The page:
Why Do We Get Flu Easily in Winter
Why Do We Get Flu Easily in Winter

In winter, we can hardly avoid coughing and sneezing. But why are people more susceptible to this infection during the cold months?

Dr. Libby Richards, associate professor of nursing with background in public health at Purdue University (USA), said many viruses, including the virushino - the common culprit that causes common colds common - and flu, remains contagious for longer and multiplies faster in cold temperatures.

Viruses spread more easily when it's cold

According to The Conversation, cold weather can change the outer membrane of the flu virus, making it more solid and elastic. Scientists believe this membrane makes it easier for the virus to be transmitted from person to person.

It's not just the cold winter air that causes this problem. Dry air when low temperatures are associated with flu outbreaks. Research by the US National Institutes of Health shows that the dry winter air helps the flu virus to stay infectious for longer.

How the human immune system responds to cold weather is also important. Inhaling cold air can adversely affect the immune response in the respiratory tract. This makes it easy for viruses to penetrate. That's why covering your nose and mouth with a warm scarf can effectively prevent viruses.

Also, usually people get less sunlight in winter. That's important because it's a major source of vitamin D, which is essential for immune system health.

Besides, physical activity also tends to decrease in winter. People often delay exercising in conditions of snow or extreme low temperatures. Instead, people spend more time indoors. That means closer contact with others, increasing the risk of the virus spreading.

Respiratory viruses usually spread within a radius of about 2 m of an infected person. When you are indoors, chances are that you and your loved one are less than 2 meters apart.

In addition, cold weather dries out the eyes and mucous membranes in the nose and throat. Since viruses that cause colds and flu are often inhaled, they can easily attach to these dry and weakened passages.

According to The Weather Channel (USA), cold, dry air in winter can also irritate the airways of people with chronic respiratory conditions such as asthma or chronic obstructive pulmonary disease (COPD). COPD). This can worsen their symptoms and make them more susceptible to infections like the common cold, pneumonia, and the flu.

Why should you get a flu shot every year?

The flu season is different every year, and the flu virus affects everyone differently. One of the dangerous complications of flu is pneumonia, which can occur when the body is working hard to fight the flu. This is especially dangerous in the elderly, young children and people whose immune systems are not working well, such as those undergoing chemotherapy or transplants.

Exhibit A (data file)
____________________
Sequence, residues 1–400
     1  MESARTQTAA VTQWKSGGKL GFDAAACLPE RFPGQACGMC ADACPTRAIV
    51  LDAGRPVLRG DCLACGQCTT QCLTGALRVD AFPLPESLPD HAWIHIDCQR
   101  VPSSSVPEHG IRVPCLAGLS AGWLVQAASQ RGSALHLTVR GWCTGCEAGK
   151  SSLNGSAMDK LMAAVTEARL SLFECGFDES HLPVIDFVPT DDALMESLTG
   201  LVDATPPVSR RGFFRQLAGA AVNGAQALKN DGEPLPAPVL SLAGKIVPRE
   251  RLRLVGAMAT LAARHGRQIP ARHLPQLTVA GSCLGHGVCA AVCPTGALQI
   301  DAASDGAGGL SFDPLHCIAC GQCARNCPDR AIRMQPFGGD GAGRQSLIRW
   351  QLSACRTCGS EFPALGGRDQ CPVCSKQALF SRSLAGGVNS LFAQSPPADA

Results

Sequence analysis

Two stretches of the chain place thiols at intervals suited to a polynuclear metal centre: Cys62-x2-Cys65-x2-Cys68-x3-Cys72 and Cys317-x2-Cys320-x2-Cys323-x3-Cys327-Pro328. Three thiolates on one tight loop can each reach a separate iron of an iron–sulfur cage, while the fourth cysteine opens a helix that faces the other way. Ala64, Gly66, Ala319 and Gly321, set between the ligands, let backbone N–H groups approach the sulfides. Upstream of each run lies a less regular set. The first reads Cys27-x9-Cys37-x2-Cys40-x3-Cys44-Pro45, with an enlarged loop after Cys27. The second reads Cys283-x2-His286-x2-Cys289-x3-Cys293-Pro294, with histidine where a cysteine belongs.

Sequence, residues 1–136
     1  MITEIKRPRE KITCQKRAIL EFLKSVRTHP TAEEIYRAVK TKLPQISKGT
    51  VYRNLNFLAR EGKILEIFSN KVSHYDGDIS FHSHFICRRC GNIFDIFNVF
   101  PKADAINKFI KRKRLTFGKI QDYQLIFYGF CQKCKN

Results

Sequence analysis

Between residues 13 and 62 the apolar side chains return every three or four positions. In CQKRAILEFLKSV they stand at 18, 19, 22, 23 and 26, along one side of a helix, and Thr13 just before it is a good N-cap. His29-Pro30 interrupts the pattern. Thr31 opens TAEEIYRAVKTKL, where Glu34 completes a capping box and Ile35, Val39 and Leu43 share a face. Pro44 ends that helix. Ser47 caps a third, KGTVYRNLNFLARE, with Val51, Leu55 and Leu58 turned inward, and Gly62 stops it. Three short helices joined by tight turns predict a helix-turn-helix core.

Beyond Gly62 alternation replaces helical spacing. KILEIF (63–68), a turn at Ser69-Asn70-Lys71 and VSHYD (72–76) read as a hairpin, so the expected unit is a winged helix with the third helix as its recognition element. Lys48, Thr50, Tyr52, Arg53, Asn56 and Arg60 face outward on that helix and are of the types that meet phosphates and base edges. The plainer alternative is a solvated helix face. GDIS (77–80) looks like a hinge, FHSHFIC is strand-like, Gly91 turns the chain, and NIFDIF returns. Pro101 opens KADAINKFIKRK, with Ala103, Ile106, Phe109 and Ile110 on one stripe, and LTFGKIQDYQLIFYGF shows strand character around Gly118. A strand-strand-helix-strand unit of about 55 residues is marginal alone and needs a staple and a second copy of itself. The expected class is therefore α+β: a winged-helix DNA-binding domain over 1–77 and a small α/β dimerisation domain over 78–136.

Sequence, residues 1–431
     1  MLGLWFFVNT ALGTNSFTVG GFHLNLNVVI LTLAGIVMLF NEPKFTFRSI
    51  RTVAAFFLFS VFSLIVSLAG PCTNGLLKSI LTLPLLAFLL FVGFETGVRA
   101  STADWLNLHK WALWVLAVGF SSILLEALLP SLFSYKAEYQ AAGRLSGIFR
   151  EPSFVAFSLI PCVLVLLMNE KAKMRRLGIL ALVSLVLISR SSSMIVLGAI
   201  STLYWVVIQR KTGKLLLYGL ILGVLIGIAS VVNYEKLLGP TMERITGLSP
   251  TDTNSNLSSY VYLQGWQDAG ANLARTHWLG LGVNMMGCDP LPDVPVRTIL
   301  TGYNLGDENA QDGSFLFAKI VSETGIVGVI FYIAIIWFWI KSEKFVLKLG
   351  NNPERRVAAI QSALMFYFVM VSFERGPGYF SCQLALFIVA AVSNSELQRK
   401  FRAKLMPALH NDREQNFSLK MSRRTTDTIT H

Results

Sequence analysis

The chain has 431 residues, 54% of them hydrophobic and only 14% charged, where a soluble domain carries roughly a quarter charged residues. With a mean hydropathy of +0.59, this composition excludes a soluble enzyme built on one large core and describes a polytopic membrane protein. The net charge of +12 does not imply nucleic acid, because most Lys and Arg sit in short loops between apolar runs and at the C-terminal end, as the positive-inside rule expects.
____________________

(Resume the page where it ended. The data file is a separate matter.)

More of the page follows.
According to the Centers for Disease Control and Prevention (CDC), the cornerstone of flu prevention is vaccination. The CDC recommends that everyone 6 months of age and older, who have no contraindications to the vaccine, get a flu shot.

When you get a flu shot, your body recognizes the flu virus as not acting as a foreign invader. This is not dangerous, it helps the immune system develop antibodies to attack the flu virus on future exposure. This natural immune response can cause some people to have a low-grade fever, headache, or body aches after the injection. These side effects can be mistaken for the flu, but may in fact be the body's normal response to the shot.

Check More: 11 Simple Ways To Keep Yourself From Coughing And Common Colds

Principles of preventing flu in winter

The most important thing is that you should still take precautions to boost immunity and prevent flu infection during the winter in particular and throughout the year in general. The principles include:

- Wash your hands often.

Avoid touching your face with your hands, which people usually do 9-23 times an hour.

- Drink enough water. Eight glasses of water a day is a good goal, but it can be more or less depending on your lifestyle and body type.

- Have a balanced diet. Dark green leafy vegetables are rich in vitamins that support the immune system; Eggs, fortified milk, salmon and tuna have vitamin D.

- Stay physically active, even in winter.

Regularly clean hard, easily accessible surfaces in the home.

- If you often have dry nose and throat in winter, you can use a humidifier in your home.

- Get a flu vaccine.

According to Medical News Today, the CDC recommends that if you have a cold, you should stay home and avoid contact with other people. When you have the flu, you should rinse your mouth, drink plenty of water, blow your nose properly to reduce symptoms, take medicine when you have a fever.

In particular, you should call your doctor if you have any unusual signs, including: difficulty breathing; persistent chest or stomach pain; severe muscle pain or weakness; convulsions; difficulty urinating; recurrent fever or cough; persistent dizziness; exacerbation of chronic underlying disease.

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